In order to be professionals in today's world, faculty believe there has to be a practical component and a theoretical component. Our students have many opportunities for practical experiences. First of all, because we're in Washington DC, some of the institutions that we partner with to offer fellowships for grad students include the White House Historical Association, the DC preservation league, History Associates, which is a great research company and the National Coalition for history.
We have a partnership with a think tank, it's called the Brookings Institution by offer or three candidates per semester and they'll pick one or two.
Students often have the opportunity to take an internship or work collaboratively with an investigator at NIH to explore populations that may not be as accessible here at AU.
Students that come in during a grant writing cycle get brought into that. We go to workshops with funders, we talk about the results that we've done. They go to conferences that have a lot of activity that they presentat.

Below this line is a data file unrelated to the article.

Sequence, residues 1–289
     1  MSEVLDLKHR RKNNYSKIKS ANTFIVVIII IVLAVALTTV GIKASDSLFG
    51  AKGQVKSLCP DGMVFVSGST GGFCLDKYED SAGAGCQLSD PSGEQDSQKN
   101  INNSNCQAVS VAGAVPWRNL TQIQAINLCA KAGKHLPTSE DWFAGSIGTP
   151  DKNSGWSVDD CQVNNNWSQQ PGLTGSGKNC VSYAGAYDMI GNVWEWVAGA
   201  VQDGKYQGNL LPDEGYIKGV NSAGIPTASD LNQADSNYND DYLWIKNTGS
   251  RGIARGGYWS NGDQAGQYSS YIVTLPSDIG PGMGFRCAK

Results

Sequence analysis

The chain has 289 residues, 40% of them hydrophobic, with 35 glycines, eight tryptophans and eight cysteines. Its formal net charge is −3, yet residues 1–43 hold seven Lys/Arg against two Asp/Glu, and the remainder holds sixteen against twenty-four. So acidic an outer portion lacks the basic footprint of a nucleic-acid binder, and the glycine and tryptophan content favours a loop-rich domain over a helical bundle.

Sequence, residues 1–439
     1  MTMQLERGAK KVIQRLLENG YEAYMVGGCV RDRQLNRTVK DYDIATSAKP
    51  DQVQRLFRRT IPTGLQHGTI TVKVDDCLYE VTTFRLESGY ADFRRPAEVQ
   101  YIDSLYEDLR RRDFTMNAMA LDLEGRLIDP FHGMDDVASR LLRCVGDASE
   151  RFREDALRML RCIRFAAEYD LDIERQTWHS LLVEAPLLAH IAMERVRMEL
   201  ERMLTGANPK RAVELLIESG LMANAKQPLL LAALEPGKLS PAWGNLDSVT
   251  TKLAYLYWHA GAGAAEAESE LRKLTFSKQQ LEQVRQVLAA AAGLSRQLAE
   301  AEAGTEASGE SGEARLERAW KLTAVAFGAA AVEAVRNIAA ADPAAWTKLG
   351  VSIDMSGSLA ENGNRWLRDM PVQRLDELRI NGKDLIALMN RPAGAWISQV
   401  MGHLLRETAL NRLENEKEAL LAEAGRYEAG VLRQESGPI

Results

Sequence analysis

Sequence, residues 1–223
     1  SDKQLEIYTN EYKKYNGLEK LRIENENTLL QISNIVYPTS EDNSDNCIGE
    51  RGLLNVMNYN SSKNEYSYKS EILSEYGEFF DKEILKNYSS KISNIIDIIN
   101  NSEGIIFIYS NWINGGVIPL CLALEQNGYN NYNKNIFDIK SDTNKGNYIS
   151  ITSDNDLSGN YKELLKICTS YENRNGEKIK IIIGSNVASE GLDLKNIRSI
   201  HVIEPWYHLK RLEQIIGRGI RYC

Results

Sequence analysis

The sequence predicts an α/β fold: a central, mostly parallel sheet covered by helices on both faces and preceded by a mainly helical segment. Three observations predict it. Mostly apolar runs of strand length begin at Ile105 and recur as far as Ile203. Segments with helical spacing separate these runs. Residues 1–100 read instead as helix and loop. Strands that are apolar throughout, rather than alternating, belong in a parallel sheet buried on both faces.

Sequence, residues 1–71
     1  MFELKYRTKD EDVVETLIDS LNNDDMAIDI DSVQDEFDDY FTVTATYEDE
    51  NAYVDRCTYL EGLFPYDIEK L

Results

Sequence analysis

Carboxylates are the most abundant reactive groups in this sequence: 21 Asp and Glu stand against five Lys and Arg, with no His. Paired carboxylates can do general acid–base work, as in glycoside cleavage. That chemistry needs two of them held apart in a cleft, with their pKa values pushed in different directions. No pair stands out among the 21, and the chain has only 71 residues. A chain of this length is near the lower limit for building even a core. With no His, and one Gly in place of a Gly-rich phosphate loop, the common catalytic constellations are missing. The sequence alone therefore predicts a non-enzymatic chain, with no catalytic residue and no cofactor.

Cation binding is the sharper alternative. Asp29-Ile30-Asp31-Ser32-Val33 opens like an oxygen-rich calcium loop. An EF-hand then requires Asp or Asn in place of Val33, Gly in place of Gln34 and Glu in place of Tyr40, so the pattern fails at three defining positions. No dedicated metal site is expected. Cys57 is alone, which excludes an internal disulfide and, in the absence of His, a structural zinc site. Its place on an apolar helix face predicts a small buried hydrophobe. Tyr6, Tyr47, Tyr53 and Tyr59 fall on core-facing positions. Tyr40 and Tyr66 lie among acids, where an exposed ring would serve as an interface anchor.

Students have gone to WSU. And those some of those students have gone to NPR. We've sent students to BBC. I can't count how many of our people are at Sirius XM.
The public history program does fellowships with different nonprofit and for-profits in the community. So I am currently a fellow with a Peace Corps community archive that's through AU but other people are working through organizations that are doing preservation or advocacy work in the community.
Our version of community outreach is to work with a musician to the DC area. Students get the benefit of working in a world class facility interacting with outside talent. I think that's invaluable.
No matter what your program is. There's always opportunities for students to grow